Australia’s industrial and logistics sector has experienced increased occupier and investor demand over recent years, benefiting from Australia’s strong population growth and specialisation of international trade.
Moreover, the sector will be relied upon to facilitate ongoing growth in online retailing. As a greater number of sales are transacted online, increased volumes of goods will be received, stored in warehouses and dispatched directly from distribution centres to us, the customer.
Just how does this growth impact the industrial property sector?
Here in Australia, online retail spending increased from $6.7 billion (2010) to $21.7 billion (2018)1, which as a percentage of total retail spending, equates to an increase from 2.6% to 6.9%. Looking forward, this is forecast to increase to 9.2% by 2024 – which would mirror the recorded rates in the United States (US) over the past four years. Growth in online spending in the US led to increased industrial rental growth and researchers anticipate the same trend in Australia.
This continued growth means more goods will be stored and delivered to a broader range of locations, and more orders will be generated outside of traditional trading hours and retail premises. Consequently, more storage and distribution space will be required as retailers shift to non-linear supply chains.
Secondly, without the try-before-you-buy of traditional in store purchases, retailers need to consider effective strategies to process returns from customers. Larger industrial property spaces will be required to handle returned items and reduce the adverse impacts on operating margins.
Can you believe that in the US, more than two billion kilograms of landfill is created every year from returned items that are deemed too costly to process for resale2? It’s an issue we don’t tend to hear much about, but retailers are trying to create efficient solutions to streamline the returns process and minimise this issue.
Thirdly, online retailers will ultimately compete on the variety of goods offered, delivery time and price; all of which will be dependent on well-located and functional logistics spaces. A good example of this is successful online retailer Amazon, who stocks and distributes a significantly wider range of Stock Keeping Units (SKUs), which requires more industrial property space and diverse storage options.
With this increase in demand for logistics space, it’s fair to wonder how the sector will keep up in terms of supply.
Charter Hall researchers noted that between 2015-2018 national industrial property leasing volumes averaged 2.59 million sqm p.a., above the 10-year annual average of 2.17 million sqm. However, supply hasn’t risen to the same extent. New industrial supply has been broadly in line with longer-term averages - approximately 1.5 million sqm p.a. over the same period.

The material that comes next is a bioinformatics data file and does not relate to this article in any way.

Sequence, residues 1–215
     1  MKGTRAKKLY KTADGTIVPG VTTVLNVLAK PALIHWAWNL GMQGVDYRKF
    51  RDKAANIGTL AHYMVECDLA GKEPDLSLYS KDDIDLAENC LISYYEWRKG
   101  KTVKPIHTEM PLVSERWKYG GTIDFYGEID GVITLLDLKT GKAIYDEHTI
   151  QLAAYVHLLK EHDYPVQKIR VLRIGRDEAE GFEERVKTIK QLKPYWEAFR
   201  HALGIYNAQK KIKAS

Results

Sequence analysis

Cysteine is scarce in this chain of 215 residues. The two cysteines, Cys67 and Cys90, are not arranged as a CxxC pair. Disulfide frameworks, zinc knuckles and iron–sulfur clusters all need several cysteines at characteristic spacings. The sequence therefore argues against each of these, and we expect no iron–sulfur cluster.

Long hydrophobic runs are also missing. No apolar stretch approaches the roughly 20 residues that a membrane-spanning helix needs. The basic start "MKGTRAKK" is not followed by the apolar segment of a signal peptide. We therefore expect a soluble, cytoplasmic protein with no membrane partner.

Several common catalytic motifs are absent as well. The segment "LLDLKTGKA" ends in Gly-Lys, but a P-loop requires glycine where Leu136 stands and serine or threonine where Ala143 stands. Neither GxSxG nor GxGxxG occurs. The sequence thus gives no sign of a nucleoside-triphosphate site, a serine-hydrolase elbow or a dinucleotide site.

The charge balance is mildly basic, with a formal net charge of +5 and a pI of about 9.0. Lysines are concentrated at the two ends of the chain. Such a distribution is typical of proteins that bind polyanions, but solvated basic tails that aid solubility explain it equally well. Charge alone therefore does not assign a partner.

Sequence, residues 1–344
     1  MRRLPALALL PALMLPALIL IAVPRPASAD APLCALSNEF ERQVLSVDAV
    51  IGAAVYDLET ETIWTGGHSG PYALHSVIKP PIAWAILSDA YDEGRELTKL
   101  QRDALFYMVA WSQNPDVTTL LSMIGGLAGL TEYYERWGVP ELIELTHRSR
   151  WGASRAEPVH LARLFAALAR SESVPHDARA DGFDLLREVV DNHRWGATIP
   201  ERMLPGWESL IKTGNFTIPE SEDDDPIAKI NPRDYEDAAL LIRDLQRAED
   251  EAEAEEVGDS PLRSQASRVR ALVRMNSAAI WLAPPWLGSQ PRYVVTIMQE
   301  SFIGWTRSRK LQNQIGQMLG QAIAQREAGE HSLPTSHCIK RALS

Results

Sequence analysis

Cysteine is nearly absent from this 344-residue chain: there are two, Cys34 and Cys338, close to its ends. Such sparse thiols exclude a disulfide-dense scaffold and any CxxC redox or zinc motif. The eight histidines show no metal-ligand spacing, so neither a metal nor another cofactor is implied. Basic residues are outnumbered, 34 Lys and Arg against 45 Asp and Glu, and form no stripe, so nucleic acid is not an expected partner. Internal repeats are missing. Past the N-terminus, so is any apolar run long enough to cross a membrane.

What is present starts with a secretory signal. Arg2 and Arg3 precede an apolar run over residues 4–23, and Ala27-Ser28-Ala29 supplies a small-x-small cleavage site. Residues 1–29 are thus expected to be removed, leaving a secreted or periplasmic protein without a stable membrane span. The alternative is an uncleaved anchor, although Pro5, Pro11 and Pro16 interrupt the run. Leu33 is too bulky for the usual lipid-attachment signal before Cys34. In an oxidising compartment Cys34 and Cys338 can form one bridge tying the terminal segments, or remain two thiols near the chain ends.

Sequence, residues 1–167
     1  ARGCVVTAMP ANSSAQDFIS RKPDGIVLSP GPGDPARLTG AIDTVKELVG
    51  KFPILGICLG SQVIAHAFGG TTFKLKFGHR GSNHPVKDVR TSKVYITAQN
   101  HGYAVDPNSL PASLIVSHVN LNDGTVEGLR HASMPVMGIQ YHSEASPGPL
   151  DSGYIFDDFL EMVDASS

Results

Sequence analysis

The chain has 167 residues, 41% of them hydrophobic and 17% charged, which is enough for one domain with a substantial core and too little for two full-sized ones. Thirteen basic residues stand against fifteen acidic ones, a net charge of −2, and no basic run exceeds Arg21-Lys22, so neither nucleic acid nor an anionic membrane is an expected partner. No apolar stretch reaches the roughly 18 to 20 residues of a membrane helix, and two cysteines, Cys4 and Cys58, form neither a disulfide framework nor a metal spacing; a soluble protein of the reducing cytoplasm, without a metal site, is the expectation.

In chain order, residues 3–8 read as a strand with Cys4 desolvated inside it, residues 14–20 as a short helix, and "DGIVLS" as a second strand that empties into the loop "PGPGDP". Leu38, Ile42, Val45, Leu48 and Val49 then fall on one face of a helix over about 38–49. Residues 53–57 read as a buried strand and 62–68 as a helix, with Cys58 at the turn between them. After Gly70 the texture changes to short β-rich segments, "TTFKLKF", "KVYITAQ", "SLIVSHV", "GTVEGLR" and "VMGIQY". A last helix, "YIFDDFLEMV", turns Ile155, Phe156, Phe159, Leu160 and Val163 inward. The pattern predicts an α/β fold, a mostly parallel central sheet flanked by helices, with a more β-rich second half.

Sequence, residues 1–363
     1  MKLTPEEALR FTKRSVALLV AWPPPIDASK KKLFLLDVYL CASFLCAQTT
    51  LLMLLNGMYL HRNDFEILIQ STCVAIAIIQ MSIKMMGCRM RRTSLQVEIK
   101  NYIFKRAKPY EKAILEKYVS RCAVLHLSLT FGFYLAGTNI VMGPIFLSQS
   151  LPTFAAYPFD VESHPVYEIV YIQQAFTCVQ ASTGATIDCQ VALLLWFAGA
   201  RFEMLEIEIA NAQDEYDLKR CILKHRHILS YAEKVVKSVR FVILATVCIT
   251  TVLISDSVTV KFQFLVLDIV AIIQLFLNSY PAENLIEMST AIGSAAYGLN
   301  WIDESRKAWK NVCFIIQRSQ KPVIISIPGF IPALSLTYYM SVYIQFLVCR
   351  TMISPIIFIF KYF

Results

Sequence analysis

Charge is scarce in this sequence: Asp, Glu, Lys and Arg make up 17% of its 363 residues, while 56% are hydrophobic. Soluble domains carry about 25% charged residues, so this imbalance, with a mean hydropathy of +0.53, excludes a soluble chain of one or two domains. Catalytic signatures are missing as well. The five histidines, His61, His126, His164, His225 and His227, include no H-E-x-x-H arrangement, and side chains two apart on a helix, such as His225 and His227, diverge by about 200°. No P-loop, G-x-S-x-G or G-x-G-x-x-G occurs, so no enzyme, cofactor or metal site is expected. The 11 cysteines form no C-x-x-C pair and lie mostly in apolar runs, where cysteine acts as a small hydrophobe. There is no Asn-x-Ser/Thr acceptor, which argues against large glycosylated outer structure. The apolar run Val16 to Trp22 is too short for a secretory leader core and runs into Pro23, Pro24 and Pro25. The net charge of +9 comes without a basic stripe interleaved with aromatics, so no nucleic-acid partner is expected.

Part of this supply and demand imbalance is due to a growing scarcity of development stock. The supply of industrial land has been limited, while significant stock of industrial land was rezoned for alternate uses, including residential. This imbalance is reflected by a notable rise in rents and industrial land values. National prime industrial rental growth at 1Q19 reached the highest level since mid-2011. Similarly, annual land value growth reached 60% in Melbourne in 2018 and 50% in Sydney in 2017; some of the highest levels ever recorded. This will likely increase the costs of new industrial developments and translate into further rental growth moving forward. Higher rental growth will ultimately translate into higher distributions to investors in industrial property funds.
Substantial infrastructure development activity will also have a profound positive impact on the sector, unlocking new markets and increasing the underlying value of industrial space.
Australia’s logistics and industrial property sector is experiencing a broad-based increase in demand from both investors and occupiers. Strong population growth combined with demand-supply imbalances and a shift in consumption patterns towards online retailing are driving significant rental growth and appreciation in land values for the industrial and logistics property sector.
With many of these factors yet to fully play out, I believe we’ll see continued strong performance and growth in the sector. Investors can access quality industrial property through an investment in Charter Hall Direct Industrial Fund No.4, currently yielding 6.0% per annum income payable quarterly.*
* Yield based on actual distribution of 6.50 cpu (annualised) for the March 2019 quarter and a unit price of $1.07 (Ordinary Units) as at 1 April 2019. Distributions for future quarters may vary. To obtain current unit pricing visit www.charterhall.com.au/dif4
2 CBRE – Supply chain impacts in 2019 & beyond